Daughters become equal coparceners at birth
In a significant judgment, the Supreme Court on 11 August 2020 ruled that daughters will have equal right in the parental property as son even if their father died before the Hindu Succession (amendment) Act 2005 came into force. A three-judge bench headed by Justice Arun Mishra said, “Daughters must be given equal rights as sons. Daughter remains a loving daughter throughout life. The daughter shall remain a coparcener throughout life, irrespective of whether her father is alive or not.”
- The bench also held that “rights under the amendment are applicable to living daughters of living coparceners as on 9-9-2005, irrespective of when such daughters are born”.
- The bench was hearing a batch of appeals that raised an important legal issue whether the Hindu Succession (Amendment) which gave equal rights to daughters in ancestral property, has a retrospective effect.
- Settling the disputed question of law, the top court set aside a clutch of previous decisions that a daughter would have the coparcenary right only if both the father and the daughter were alive as on September 9, 2005 when the amendment was notified.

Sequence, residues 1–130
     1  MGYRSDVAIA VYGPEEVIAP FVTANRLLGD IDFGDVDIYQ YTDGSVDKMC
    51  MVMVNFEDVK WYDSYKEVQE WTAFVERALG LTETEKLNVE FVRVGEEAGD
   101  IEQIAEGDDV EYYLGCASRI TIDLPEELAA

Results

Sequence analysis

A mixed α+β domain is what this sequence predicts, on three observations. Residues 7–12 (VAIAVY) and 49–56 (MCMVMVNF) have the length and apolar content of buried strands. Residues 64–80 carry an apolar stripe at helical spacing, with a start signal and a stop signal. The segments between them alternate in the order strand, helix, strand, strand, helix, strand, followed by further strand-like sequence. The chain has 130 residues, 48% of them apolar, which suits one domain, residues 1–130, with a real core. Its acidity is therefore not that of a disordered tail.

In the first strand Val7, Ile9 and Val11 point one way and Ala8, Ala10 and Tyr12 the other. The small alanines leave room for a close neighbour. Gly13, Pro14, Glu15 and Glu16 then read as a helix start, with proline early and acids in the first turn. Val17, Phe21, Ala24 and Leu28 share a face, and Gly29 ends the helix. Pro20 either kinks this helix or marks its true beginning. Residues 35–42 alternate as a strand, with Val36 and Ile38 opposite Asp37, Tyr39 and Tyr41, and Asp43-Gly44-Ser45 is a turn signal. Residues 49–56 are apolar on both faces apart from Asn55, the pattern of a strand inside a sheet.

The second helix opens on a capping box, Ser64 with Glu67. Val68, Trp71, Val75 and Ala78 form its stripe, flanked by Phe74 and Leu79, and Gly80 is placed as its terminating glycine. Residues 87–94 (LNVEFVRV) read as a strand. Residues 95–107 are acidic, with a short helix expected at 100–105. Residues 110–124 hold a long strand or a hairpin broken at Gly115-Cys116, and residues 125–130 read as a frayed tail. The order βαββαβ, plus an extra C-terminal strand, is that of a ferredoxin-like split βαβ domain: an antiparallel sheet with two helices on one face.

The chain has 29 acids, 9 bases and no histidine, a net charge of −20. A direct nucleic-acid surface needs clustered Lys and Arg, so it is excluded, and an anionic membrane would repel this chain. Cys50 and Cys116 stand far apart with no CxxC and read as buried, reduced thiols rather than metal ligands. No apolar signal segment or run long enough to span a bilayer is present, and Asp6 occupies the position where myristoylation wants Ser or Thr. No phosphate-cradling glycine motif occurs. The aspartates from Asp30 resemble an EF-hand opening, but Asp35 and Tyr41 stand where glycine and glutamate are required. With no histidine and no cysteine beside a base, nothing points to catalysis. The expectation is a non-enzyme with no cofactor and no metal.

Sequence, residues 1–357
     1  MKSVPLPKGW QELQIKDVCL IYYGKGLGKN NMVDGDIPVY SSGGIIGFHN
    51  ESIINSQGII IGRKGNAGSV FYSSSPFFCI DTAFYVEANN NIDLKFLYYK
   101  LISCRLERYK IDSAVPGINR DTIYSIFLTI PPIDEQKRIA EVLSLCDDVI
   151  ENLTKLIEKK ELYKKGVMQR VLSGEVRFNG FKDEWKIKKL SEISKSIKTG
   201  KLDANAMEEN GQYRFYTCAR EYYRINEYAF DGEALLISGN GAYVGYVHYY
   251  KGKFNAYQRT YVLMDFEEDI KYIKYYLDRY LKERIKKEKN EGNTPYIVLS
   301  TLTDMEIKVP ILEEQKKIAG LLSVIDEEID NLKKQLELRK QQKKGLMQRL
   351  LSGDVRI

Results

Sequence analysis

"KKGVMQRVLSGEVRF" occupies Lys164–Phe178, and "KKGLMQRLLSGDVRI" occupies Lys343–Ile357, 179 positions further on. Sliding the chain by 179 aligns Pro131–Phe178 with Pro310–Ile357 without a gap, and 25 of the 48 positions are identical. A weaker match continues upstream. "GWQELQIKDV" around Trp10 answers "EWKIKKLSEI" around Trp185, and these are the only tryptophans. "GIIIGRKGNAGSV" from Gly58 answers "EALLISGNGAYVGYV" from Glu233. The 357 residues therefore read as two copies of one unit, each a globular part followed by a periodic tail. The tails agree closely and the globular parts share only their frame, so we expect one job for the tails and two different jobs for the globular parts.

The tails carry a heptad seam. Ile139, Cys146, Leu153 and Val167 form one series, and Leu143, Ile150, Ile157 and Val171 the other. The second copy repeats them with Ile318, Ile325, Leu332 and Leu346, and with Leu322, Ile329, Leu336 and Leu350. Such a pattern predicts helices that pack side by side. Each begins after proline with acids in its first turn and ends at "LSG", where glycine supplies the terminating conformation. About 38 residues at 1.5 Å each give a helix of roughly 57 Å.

- The court had earlier given two contradictory judgments in two cases — Prakash V. Phulavati (2015) and Danamma @ Suman Surpur vs. Amar (2018).
- In Prakash V. Phulavati (2015), a bench comprising Justices Anil R. Dave and A.K. Goel had held that the rights under the amendment are applicable to living daughters of living coparceners as on 9-9-2005, irrespective of when such daughters are born.
- It was held that, is neither any express provision for giving retrospective effect to the amended provision nor necessary intendment to that effect.
- On the other hand, in the case of Danamma @ Suman Surpur vs. Amar (2018), the bench comprising Justices A K Sikri and Ashok Bhushan had held that the share of the father who died in 2001 would also devolve upon his two daughters who would be entitled to share in the property.